Gorean subculture

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Gorean subculture is a fandom based on the philosophy espoused in John Norman's long-running sword and planet novel series Chronicles of Counter-Earth.[1][2]


Gorean subculture developed independently of Norman's involvement, particularly starting as a fan network after the publishing houses ceased printing new paperback editions of the novels. Fans allege that due to the controversy and pressure from feminist circles, the Gor books went out of print in the late 1980s[3] (trade paperback and e-book sequel novels were subsequently published from 2001 to 2016). It does not have a uniform following but encompasses different groups of varying views and practices.

Gorean concepts[edit]

Model dressed as a kajira in a camisk with a simulated kef brand

The Gorean subculture particularly focuses on the master-and-slave dynamic in sexual relationships and associated forms of female submission as portrayed in the novels. Therefore, although they are estimated to comprise less than 5% of the total female population on Gor,[4] training and keeping a female slave (often known as a kajira) is central to Gorean subculture. Formal slave training, slave positions, and commands, as well as slave attire and beautification, are practices central to the Gorean subculture.

Gorean community[edit]

Sexual roleplayer in a kajira pose at Folsom Street Fair. The woman is posing in an approximation to nadu, the typical position of a "pleasure slave".

Literalists, otherwise known as lifestylers, incorporate elements from the Gorean culture and gender roles in their daily lives[5] and some followers of an unofficial splinter group known as Kaotians who adhered to this approach were prosecuted for leading coercive sex cults.[6] As opposed to literalists, the role players, divided into real-life sexual roleplayers (engaged or not engaged in BDSM practices) and online role-playing gamers (present particularly in Second Life)[7][8] are not necessarily committed to Gorean philosophy and ideals.

Gorean role-playing in Second Life. Panther Girls, Gorean Amazons from the Northern Forest, attending a meeting at the town hall of the city Thentis.

Starting from the 1990s, the Gorean subculture has become attractive to a number of male teenagers through role-playing in chat rooms. The teenage role-playing Goreans who concealed many of their personal aspects such as age or lack of experience, thanks to anonymity, managed to appeal to a considerable number of married and middle-aged women as kajirae in role-playing contexts.[9] Such notoriety caused by this profile and related practices in the virtual Gorean community succeeded in creating disdain among both feminists and the BDSM community.[9] Nevertheless, scholars have discussed the way that Gorean subculture groups on media such as Second Life and Internet Relay Chat have influenced the development of online role-playing and even the MMORPG genre.[10]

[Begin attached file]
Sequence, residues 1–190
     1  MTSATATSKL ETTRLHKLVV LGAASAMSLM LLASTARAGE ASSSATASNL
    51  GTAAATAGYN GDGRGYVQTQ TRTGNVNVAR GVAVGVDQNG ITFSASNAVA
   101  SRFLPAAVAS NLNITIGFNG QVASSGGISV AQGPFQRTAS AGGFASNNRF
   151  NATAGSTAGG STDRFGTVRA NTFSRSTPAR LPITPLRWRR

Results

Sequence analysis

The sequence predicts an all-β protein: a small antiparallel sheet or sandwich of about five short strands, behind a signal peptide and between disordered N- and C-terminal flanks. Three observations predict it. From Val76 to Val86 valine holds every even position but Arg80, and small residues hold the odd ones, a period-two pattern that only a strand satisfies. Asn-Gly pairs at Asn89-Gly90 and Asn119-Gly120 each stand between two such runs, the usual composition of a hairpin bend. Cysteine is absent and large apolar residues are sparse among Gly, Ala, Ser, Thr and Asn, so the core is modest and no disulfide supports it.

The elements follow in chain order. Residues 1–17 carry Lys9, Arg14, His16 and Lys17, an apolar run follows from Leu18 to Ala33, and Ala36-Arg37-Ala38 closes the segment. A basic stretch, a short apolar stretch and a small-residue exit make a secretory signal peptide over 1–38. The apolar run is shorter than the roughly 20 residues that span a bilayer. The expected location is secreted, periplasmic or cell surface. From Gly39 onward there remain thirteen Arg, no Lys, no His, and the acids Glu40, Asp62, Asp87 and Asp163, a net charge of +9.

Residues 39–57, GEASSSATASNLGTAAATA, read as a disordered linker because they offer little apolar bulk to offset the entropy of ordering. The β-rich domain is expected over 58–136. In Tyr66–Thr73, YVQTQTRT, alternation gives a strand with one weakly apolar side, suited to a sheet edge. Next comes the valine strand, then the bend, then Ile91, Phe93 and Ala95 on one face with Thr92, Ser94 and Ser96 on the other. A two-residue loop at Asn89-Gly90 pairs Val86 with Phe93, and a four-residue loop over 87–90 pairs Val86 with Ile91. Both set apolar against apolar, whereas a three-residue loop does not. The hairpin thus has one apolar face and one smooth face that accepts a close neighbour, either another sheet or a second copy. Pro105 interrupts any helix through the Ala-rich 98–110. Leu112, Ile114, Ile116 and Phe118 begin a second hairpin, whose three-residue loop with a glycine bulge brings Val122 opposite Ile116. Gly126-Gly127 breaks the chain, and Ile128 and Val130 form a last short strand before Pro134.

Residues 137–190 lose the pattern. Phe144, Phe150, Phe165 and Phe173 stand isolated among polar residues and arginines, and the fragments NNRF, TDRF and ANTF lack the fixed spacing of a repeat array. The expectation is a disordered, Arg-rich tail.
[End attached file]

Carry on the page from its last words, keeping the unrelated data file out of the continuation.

Relationship to BDSM[edit]

Norman's non-fictional sex manual Imaginative Sex presents a series of elaborate fantasy scenarios to be acted out in isolated scenes. He also recommends the use of symbolic substitutes, such as the sound of claps as a substitute for whippings and other physical punishments. Pat Califia asserts that Norman was critical of the psychological and physical harm that non-stop BDSM slavery and corporal punishment might inflict.[11] However, such views of Norman are not part of the Gorean canon and debate on Gorean practices' relationship to BDSM, focusing on aspects such as Total Power Exchange and further complicated by the community's diverse nature, continue.[12][13] BDSM writer Michael Makai nevertheless asserts that Gorean fiction may be found responsible for shaping or otherwise popularizing many of today's established BDSM protocols and tenets.[9]

See also[edit]


  1. ^ "Officers discover sex-slave cult". BBC News. May 19, 2006. Retrieved August 18, 2010.
  2. ^ Lewis, Paul (May 19, 2006). "Gor blimey! Subservient cult is unleashed on Darlington". The Guardian. London. Retrieved August 18, 2010.
  3. ^ "John Norman - Libertarian". February 3, 2012. Archived from the original on February 3, 2012.
  4. ^ "Writings & Interview by Turians". Turia.
  5. ^ "The Gorean "Lifestyle" ~ Gorean Living". www.goreanliving.com.
  6. ^ "The BSDM legacy of Gorean slaves". The Daily Dot. March 31, 2014.
  7. ^ Bardzell, Shaowen; Odom, William (August 2008). "The Experience of Embodied Space in Virtual Worlds: An Ethnography of a Second Life Community". Space and Culture. SAGE Journals. 11 (3): 239–259. doi:10.1177/1206331208319148. ISSN 1206-3312. LCCN 99301909. OCLC 535496255. S2CID 146711299 – via ResearchGate.
  8. ^ "Gorean roleplay in Second Life".
  9. ^ a b c Makai, Michael (2013). Domination & Submission: The BDSM Relationship Handbook.
  10. ^ Jøn, A. Asbjørn (2010). "The Development of MMORPG Culture and The Guild". Australian Folklore. 25: 97–112. Retrieved November 13, 2015.
  11. ^ "No Fantasy, Please, We're Americans: A Foreword by a Feminist", introduction by Pat Califia to the 1997 edition of Imaginative Sex
  12. ^ "Scroll 83: Gor vs. BDSM". www.gor-now.net.
  13. ^ "Gor - a Subset of BDSM? No! but ~ Gorean Living". www.goreanliving.com.

External links[edit]